Last week, the Center for Biological Diversity (CBD) released a video and a “study” that claims to enumerate pipeline incidents since the 1980s.
Before we go any further, it’s important to explain that we’ve put “study” in quotation marks because it’s hardly a study – in fact, CBD’s press release is twice as long as the so called research it’s apparently promoting! Second, Politico also reported that CBD hopes the video will “go viral” – by viral we can only assume they mean to infect the public with false information. Let’s have a look:
CBD claim #1: “If the Keystone XL pipeline is built, the State Department said it could spill more than 100 times.”
FACT: Well, that would be news to the researchers at State who concluded, after almost five years of review, that “Keystone XL would have a degree of safety over any other” as it will go above and beyond the requirements of any current pipeline, adopting 57 extra safety measures. What’s more, the National Academy of Sciences recently confirmed that that diluted bitumen (one type of oil that will be transported by the Keystone XL pipeline) is not more likely to spill from a pipeline, which is the same conclusion that the State Department came to in its 2013 assessment:
“[B]ased on averages of approximately 5 years, the acids [in diluted bitumen] are too stable to be corrosive under transmission pipeline temperatures … Dilbit viscosity is comparable to those of conventional heavy crude oils and there is no evidence of increased corrosion or other potential pipeline threat due to viscosity.”
State went on to point out that Keystone XL is not likely to pose a threat to the Great Plains Aquifer: “Overall, it is very unlikely that the proposed pipeline area would affect water quality in the [Great Plains Aquifer] … “[T]here is an extremely low probability that a petroleum release from the proposed Project would affect water quality in [the Western Interior Plains Aquifer].”
CBD Claim #2: There is “a deeply troubling history of pipeline accidents in the United States”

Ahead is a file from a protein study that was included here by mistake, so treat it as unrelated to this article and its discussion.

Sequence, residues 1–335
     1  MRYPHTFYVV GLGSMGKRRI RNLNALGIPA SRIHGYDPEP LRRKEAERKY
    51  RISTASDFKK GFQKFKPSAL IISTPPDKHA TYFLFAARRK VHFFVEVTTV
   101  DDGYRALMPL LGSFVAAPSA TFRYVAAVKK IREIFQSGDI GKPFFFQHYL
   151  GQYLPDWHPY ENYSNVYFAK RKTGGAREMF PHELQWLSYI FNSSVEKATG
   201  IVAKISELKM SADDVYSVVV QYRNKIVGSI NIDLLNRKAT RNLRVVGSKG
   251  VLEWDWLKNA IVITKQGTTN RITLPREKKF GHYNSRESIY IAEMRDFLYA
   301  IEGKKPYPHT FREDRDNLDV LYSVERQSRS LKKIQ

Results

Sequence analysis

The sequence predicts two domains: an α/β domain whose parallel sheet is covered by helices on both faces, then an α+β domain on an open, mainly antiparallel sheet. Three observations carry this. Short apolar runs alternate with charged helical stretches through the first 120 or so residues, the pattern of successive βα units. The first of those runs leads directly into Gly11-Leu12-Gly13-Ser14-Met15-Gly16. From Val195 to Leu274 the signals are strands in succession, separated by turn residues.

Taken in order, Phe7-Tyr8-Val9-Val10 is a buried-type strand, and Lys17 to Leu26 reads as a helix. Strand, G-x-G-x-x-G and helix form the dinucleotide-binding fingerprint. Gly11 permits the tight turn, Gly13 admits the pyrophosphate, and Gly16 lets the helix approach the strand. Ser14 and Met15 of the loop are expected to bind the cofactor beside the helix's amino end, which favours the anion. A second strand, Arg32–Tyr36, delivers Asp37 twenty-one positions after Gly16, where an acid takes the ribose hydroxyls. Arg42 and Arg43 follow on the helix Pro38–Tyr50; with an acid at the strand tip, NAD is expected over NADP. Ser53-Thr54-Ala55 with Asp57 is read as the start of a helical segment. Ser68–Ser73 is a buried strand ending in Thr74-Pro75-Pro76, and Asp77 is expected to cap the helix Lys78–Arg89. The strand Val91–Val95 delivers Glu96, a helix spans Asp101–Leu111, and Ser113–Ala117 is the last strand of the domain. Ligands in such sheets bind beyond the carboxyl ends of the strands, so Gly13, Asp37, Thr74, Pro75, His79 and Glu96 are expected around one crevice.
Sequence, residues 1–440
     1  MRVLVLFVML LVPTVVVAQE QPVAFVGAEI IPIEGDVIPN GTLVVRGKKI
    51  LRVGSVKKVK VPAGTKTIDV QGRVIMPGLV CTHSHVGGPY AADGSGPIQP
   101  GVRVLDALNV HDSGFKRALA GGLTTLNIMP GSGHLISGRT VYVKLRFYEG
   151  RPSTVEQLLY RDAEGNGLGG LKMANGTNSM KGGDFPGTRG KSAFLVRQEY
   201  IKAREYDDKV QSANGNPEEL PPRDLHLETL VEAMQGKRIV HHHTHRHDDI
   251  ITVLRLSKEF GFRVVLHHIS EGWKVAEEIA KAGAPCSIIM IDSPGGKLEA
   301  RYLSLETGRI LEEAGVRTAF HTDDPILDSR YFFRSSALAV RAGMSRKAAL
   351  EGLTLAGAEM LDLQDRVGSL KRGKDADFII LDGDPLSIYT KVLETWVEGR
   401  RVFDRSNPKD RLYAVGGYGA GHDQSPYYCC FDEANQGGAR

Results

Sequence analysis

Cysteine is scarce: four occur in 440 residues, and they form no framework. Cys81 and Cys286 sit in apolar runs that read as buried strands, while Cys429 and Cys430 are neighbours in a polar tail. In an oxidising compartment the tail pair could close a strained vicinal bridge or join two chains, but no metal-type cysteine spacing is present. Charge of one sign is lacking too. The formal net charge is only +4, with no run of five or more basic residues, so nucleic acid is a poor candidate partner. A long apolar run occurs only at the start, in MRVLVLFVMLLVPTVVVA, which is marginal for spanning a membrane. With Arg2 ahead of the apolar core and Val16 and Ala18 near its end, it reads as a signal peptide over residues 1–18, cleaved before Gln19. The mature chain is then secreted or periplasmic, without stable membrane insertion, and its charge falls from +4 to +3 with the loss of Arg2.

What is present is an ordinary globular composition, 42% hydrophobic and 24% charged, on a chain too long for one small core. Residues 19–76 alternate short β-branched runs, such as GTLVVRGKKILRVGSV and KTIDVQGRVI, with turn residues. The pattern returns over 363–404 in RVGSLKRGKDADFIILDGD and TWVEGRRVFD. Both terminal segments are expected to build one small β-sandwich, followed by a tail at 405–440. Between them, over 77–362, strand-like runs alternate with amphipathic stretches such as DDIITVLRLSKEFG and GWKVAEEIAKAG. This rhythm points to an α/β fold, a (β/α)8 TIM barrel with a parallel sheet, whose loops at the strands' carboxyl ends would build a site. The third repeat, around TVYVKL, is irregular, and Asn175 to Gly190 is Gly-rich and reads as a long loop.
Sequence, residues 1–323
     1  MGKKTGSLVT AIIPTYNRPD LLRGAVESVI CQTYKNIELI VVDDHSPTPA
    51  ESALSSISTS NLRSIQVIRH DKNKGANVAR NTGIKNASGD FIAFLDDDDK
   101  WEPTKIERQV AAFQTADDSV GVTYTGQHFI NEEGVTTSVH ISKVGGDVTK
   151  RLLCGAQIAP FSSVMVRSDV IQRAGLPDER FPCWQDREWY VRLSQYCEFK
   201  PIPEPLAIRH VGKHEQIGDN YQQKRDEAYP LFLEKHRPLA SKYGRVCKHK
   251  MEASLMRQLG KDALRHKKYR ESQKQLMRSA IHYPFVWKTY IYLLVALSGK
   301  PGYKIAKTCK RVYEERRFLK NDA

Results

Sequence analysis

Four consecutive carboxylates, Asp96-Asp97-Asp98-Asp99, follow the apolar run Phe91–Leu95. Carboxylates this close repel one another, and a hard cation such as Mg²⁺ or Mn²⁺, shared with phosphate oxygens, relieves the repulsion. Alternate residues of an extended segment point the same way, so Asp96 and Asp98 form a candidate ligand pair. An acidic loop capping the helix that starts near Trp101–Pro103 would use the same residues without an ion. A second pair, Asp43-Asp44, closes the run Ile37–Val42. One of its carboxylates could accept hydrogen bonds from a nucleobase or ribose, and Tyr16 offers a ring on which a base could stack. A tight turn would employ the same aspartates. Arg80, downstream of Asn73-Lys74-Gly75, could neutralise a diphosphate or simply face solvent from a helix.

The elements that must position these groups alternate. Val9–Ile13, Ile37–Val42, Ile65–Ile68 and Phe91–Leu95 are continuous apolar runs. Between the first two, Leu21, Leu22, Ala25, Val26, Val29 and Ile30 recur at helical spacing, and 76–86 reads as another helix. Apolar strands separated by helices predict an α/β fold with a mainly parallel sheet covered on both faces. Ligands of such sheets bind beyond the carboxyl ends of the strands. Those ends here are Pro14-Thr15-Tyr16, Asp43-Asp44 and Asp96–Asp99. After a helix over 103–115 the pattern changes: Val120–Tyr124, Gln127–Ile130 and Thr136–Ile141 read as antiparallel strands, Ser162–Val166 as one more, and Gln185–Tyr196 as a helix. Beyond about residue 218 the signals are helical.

FACT: No there isn’t. While no form of energy transportation is 100 percent incident free, pipelines in the United States have a very strong record of safety. As the U.S. Pipeline and Hazardous Materials Safety Administration (PHMSA) has said, pipelines are the most efficient and safest means of moving petroleum products overland for long disnaces:
Pipelines are one of the safest and most cost-effective means to transport the extraordinary volumes of natural gas and hazardous liquid products that fuel our economy. To move the volume of even a modest pipeline, it would take a constant line of tanker trucks, about 750 per day, loading up and moving out every two minutes, 24 hours a day, seven days a week. The railroad-equivalent of this single pipeline would be a train of seventy-five 2,000-barrel tank rail cars every day.
We currently have 180,000 miles of pipelines moving crude oil to refineries and petroleum products to consumer markets. Over the past 20 years, 99.9992 percent of about 13.5 billion barrels of petroleum liquids is transported by pipeline safely. Since 1999, operators have reduced spills from all causes for liquid petroleum pipelines by nearly 60 percent (for more on that click here) – but of course, the goal of every oil and gas company in America is to have no incidents: zero spills.
The same is true for fatalities: not one serious injury or death is acceptable to anyone in the oil and gas industry. Yes, risks are present in every industry in America, and the oil and gas industry is no different, but unfortunately, when discussing incidents that have occurred, CBD has decided to inflate the numbers very much out of context: CBD states that there have been 512 deaths from pipeline spills since 1986, but when you actually look at the data from PHMSA, the number of from hazardous liquid transmission is 39 since 1993.
CBD Claim #3: Oil sands is “difficult, if not impossible, to clean up. A 2010 spill of tar sands oil in the Kalamazoo River in Michigan, for example, has yet to be cleaned up despite three years of effort.”
FACT: Not only was this spill in the Kalamazoo River cleaned, the company responsible, Enbridge, vowed to make the river better than it was – and they did. As one resident, Jesse Jacox, who lives along the Kalamazoo River put it, “I’m very pleased. I mean it’s cleaner now than it was before.”